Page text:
Soyuz capsule docks with International Space Station, raises crew to 9

An international crew of nine from the U.S.. Russia, Japan, Denmark and Kazakhstan will work together on the orbital laboratory until Sept. 11. © NASA
Having spent two days in orbit maneuvering past space debris, the historic 500th Soyuz capsule carrying Russian and Kazakh cosmonauts and a Danish astronaut, has docked with the International Space Station.

The docking happened at 10:42am Moscow time (7:42 GMT), according to Mission Command in Russia.

During their two-day route following the Wednesday lift-off, the spacecraft had to carry out an avoidance maneuver to pass a fragment of an old Japanese third-stage rocket booster launched in 1989. NASA helped out.

Soyuz’s two-day-long flight to the ISS was an unusual one. It’s more common for spacecraft traveling to the station to dock just a few hours after lift-off.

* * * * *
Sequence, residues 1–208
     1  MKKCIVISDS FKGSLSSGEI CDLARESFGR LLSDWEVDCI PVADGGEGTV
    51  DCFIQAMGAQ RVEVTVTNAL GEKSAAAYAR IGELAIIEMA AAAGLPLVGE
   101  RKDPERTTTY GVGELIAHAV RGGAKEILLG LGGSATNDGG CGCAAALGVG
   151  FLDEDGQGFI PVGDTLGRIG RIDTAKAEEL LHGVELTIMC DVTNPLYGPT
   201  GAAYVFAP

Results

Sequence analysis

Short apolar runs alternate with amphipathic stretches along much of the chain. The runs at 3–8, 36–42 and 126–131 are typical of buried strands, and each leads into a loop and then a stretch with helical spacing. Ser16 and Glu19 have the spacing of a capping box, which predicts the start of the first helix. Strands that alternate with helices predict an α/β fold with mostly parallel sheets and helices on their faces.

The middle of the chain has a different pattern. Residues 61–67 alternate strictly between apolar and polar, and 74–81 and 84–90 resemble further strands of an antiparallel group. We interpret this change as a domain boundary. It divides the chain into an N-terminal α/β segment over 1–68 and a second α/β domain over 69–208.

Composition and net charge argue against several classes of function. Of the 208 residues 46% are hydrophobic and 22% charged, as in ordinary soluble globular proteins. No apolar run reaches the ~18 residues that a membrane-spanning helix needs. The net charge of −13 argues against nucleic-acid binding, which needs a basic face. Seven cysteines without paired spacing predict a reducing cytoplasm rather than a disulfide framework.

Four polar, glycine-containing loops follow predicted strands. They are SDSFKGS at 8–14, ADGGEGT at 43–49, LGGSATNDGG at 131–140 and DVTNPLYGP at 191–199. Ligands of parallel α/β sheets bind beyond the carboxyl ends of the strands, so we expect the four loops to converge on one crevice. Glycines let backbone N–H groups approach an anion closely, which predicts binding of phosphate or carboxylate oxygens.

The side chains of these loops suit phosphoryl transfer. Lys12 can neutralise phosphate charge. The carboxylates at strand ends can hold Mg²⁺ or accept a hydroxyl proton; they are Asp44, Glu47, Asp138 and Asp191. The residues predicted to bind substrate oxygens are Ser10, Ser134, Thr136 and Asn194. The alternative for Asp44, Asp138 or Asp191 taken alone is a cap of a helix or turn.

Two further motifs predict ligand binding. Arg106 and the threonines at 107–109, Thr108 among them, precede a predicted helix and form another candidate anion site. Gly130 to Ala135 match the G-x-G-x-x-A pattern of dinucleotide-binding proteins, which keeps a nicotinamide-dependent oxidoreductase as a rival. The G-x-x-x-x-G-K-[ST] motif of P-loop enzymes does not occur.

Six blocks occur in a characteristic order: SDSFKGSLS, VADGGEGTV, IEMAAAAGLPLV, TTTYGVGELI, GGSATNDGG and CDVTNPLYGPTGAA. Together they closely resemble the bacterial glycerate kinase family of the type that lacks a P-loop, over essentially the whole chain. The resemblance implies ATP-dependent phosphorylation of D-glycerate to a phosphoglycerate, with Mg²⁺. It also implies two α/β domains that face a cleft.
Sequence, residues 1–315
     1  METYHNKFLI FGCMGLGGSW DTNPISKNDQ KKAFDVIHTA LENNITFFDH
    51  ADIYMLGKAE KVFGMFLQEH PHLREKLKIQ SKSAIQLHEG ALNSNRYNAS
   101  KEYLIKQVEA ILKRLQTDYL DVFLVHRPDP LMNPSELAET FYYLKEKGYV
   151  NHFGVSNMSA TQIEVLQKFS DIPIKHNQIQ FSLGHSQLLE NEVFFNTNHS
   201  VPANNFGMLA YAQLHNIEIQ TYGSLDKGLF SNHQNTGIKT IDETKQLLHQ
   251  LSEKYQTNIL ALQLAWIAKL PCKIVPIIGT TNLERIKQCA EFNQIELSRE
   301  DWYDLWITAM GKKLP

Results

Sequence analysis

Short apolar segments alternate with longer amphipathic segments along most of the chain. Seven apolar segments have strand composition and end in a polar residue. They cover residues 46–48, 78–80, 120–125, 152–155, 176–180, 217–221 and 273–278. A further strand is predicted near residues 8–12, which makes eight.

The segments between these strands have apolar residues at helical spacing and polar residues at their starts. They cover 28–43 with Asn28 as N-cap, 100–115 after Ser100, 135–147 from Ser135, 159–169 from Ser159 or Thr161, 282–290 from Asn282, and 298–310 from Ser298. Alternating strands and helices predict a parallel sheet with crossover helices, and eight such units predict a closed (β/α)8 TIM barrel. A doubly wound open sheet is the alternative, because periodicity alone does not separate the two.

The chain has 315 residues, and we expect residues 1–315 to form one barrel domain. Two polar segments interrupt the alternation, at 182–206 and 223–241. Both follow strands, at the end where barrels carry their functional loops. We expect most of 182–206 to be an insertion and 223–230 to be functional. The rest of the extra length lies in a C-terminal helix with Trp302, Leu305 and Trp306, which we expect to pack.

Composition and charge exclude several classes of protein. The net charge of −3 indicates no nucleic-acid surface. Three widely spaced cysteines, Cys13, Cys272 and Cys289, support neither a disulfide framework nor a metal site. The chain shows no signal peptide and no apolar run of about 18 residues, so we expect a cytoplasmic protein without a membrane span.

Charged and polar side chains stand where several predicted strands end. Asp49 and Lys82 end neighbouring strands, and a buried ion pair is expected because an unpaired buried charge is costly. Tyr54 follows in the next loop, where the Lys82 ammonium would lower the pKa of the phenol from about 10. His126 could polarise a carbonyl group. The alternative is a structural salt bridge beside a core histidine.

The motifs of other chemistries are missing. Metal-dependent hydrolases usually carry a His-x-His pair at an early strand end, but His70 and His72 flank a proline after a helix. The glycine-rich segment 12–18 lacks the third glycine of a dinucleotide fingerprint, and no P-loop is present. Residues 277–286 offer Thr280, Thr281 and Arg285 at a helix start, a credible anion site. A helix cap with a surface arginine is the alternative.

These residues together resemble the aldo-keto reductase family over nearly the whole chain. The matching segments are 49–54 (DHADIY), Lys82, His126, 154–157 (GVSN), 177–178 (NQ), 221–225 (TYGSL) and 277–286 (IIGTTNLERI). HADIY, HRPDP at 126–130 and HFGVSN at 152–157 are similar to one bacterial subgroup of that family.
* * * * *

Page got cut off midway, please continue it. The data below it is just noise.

The arrival of Russia's Sergey Volkov, Denmark's Andreas Mogensen and Kazakhstan's Aidyn Aimbetov has brought the number of crew on board to nine, for the first time since 2013.

The Kazakh member of the crew has brought a number of national dishes into orbit, Interfax reported. ISS inhabitants, weary of regular space-food via tubes, will be able to taste mare’s milk, two types of curd and kharcho soup.

READ MORE: Tight space: Soyuz spaceship forced to dodge old Japanese booster debris

The current crew of the ISS consists of three cosmonauts from Russia’s Roscosmos space agency - Commander Gennady Padalka, Mikhail Kornienko and Oleg Kononenko. NASA astronauts Scott Kelly and Kjell Lindgren, and Japanese researcher Kimiya Yui are also on the ISS.

Mogensen and Aimbetov are slated to come back to Earth in just over a week, along with Russian Gennady Padalka, the current station commander.

READ MORE: Historic 500th Soyuz rocket sets off from Baikonur